ONE thing we can’t do without is a good haircut and in Blackburn, there are a number of men’s barbers who have been providing a great service to the town for decades.

The oldest barber in town still being run by the same family is Passerini’s in Mincing Lane which was first established in 1963 by Emanuele Passerini. Records show that a barber has been trading from this spot since 1935.

It is now run by his sons Joe, 48, Luigi, 52 and his grandson Emanuele. The shop still has some of the traditional interior features.

Joe said: “The original shop was based here at number 15 and then we extended it into number 13.

“We have been on the same spot here for 57 years so that would certainly make it the longest running barber shop in town.”

Luigi said, “We all grew up in the shop and have been here as far as we can remember.”

Elsewhere in the town centre, established by Nigel Womack, Nigel’s Cutting Shop was opened in 1984 opposite the library.

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Across town on Johnson Street Mickey P’s Barber’s first opened in 1986 and is run by Mick Passerini who started his own business aged just 16 fresh out of school.

He said: “I had finished school in May of that year and opened this shop in September of 1986.”

The shop has been revamped several times over the years but still includes some of Mick’s famous football and movie images which adorn the walls.

“Actually, my earliest memory is being back at the other shop in 1983 when a family of three could get their hair cut for 90p!

“When I began here I used to charge 75p per cut.”

Mick said the lockdown and ensuing pandemic had affected all businesses, “You can’t say anyone who has not been affected in some way.”

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Chandrakant Jetha runs CJ’s Gent’s Hairdresser on Johnson St and started cutting hair back in 1963 when he just 14-years-old!

The 71-year-old said: “My father trained me and from then on I just picked it up. Of course this was a matter of cutting people’s hair on the street corner.”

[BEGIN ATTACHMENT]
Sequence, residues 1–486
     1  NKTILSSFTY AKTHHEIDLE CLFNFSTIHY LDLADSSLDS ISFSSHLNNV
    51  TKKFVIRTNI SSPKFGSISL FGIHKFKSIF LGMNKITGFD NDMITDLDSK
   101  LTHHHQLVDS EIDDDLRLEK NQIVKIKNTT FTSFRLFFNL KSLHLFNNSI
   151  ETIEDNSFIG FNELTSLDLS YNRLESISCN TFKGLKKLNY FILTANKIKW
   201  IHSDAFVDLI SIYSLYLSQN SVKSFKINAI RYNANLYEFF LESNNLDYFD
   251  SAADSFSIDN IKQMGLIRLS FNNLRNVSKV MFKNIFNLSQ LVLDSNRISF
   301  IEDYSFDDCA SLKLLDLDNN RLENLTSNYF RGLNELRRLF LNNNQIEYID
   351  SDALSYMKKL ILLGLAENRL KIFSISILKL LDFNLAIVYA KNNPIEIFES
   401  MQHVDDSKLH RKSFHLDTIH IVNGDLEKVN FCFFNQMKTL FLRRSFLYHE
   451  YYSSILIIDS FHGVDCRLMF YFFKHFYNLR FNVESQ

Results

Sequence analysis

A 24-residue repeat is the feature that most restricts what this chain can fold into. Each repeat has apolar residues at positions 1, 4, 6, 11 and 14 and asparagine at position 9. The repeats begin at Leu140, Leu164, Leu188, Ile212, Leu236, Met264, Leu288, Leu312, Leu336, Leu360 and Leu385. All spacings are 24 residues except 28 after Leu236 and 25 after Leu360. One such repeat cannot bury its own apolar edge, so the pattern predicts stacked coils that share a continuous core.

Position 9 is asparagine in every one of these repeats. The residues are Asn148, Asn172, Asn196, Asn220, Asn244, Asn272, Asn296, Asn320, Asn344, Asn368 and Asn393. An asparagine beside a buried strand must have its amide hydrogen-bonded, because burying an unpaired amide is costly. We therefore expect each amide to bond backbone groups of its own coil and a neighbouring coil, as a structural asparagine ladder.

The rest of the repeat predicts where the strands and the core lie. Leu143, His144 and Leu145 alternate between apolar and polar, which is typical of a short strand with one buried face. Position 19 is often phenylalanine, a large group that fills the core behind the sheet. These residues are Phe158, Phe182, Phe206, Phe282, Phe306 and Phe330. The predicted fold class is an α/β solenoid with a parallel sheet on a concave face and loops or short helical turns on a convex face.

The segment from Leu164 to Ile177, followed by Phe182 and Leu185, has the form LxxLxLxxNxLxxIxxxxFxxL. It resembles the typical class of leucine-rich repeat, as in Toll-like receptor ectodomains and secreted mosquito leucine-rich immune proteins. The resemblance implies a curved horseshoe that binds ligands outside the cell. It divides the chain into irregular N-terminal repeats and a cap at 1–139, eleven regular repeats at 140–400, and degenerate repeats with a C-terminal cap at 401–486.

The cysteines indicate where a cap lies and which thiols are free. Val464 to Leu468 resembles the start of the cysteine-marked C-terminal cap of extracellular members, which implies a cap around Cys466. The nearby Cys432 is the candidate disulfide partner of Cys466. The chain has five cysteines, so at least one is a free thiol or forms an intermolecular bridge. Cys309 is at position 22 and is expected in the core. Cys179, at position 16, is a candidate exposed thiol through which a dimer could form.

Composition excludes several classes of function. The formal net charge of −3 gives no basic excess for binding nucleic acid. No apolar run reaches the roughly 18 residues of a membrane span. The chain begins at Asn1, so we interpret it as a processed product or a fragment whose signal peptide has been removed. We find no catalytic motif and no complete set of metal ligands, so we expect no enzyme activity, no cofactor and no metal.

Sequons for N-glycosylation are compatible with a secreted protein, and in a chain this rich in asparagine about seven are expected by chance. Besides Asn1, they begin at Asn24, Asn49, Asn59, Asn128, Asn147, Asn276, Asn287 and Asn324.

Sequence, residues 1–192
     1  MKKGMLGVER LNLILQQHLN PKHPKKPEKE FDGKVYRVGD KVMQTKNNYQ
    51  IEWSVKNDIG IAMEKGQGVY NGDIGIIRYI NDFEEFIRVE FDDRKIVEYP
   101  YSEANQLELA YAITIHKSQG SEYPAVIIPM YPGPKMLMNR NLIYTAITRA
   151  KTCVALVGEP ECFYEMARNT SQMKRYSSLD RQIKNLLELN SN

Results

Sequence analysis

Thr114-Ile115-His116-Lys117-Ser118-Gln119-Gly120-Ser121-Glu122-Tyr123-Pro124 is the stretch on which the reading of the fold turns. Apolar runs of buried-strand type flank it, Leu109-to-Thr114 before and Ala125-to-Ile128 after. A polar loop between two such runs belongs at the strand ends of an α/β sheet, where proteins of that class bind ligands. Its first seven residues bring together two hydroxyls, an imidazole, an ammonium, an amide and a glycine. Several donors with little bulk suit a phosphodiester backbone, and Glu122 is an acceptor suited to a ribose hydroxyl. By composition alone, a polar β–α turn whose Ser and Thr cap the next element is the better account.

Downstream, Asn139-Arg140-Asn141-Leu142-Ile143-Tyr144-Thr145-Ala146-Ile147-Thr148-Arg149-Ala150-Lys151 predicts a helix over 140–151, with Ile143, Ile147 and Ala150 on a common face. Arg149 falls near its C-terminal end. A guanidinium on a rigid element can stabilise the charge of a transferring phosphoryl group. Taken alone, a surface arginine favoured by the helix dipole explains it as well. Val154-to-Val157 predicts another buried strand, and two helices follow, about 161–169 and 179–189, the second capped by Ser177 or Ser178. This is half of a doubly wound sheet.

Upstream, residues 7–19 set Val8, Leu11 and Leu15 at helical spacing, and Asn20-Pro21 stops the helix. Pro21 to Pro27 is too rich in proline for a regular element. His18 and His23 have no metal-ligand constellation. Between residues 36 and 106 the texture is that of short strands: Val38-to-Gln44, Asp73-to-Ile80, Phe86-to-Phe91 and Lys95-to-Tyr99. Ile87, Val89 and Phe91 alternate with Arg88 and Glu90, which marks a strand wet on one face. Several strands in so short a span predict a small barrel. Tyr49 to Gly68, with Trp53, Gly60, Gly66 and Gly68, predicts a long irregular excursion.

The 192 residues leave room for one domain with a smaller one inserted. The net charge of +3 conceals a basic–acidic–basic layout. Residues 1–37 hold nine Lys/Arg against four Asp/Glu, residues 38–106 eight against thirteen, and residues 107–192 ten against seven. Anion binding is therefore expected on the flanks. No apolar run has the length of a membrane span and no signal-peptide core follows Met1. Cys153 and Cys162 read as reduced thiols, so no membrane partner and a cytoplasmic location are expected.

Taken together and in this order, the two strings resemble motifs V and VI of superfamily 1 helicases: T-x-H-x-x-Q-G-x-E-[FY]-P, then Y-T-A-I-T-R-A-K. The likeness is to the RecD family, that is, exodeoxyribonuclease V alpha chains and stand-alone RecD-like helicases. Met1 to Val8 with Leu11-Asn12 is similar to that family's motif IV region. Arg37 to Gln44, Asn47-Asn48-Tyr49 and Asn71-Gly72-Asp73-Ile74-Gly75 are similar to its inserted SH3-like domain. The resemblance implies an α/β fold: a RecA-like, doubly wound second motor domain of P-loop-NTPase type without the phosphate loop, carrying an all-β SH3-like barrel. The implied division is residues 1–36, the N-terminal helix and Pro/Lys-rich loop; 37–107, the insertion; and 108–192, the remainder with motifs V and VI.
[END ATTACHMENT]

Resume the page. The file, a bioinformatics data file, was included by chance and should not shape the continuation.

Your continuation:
CJ, as he is known to many was one of many barbers who during the seventies and eighties would visit people’s homes, “It was something people loved at the time. We would come to the home and style all the family’s hair all at once. I knew many families and it was wonderful to be welcomed into people’s homes.

“In 1990 I opened my own hairdressers on Johnson Street and have been based here ever since. There have been a lot of changes over the year’s but we are still here.”

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Lala George Patel, as he is known to many, opened his own barbers, aged 24, in 1982 on Palm Street. He later moved to premises off Plane Street, which was accessible through a back alley and up some stairs before opening a shop front on the same road in 2018. It still has his iconic sign above the door featuring the flags of Pakistan, India and Great Britain.

His ‘incredible’ 99p Thursday offer led to queues forming outside his barbers, 

He said: “I remember when I started I used to do kids haircuts for 50p and adults for 99p. Then in the late Nineties decided to do the 99p offer again for one day only. It got very busy.

“Even now I only charge £3.50 a cut.”

Lala George, now 62, had no plans to retire just yet, “I can’t imagine retiring. I have people who have been coming here for close to 40 years. I have got loyal customers and I think if I do ever retire they would probably come knocking on my door!”

Several of the more traditional barbers in Blackburn have either retired or passed on. In March 2019 Ernesto Ceraldi who had run his traditional barber shop for 37 years in Richmond Terrace retired. Jeff Stone, co-owner of Jeff Stone Hairdressing, retired after 51 years in 2016.

Bhatti’s based on Whalley Range and Martin’s Barber Shop on Accrington Road are still operational.

Dillons Barbers was first established on Preston Old Road in 1961. The new Dillons is based directly next door to the old barber and is now run by Jemma Schofield.

There are also barbers who are continuing the family tradition.

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The Prince Hair Salon moved to Oswald Street in 2018. Before then it was based on Randal St and originally at the bottom corner of Inkerman Street where it was first established by Haji Fazal Hussain in 1985.

Fazal Hussain, a World War Two veteran was regularly seen on at annual commemoration events before his death at the age of 95 in 2013.

The ‘original’ Prince Hair Salon is now manned by his grandson Ikhlaq Hussain with a further six Prince branded hairdressers in the North West. The Prince Hair Salon on Woodbine Road is run by Ghaffar Hussain the nephew of Haji Fazal Hussain.

Ikhlaq’s modern looking Prince Hair Salon is a far cry from the establishment his grandad set-up. He said: “We had a makeover in 2016 when this new hairdressers opened.

“These days it is not just about the haircut and male grooming has come a long way.”

Ikhlaq revealed how the name Prince came about, “We are told that my grandfather went to get some signs made and they were thinking up names there was a syed (spiritual advisor) who prompted him to go for the name ‘Prince’. It has stuck with us and proved to be a great choice known throughout the region.”

Fifty-two year-old Muner Edan runs New Look Barbers on King Street. Originally from Iraq, Muner came to the UK in 2005, got level 3 NVQ in hairdressing and opened up his barbers in 2011.

He has however, been styling hair since the eighties and felt there was much to be said of the traditional barbers, “I always think hairdressers should be qualified before they can open a barbershop because now everyone opens the shop without experience.

“The traditional barbers are still the best.”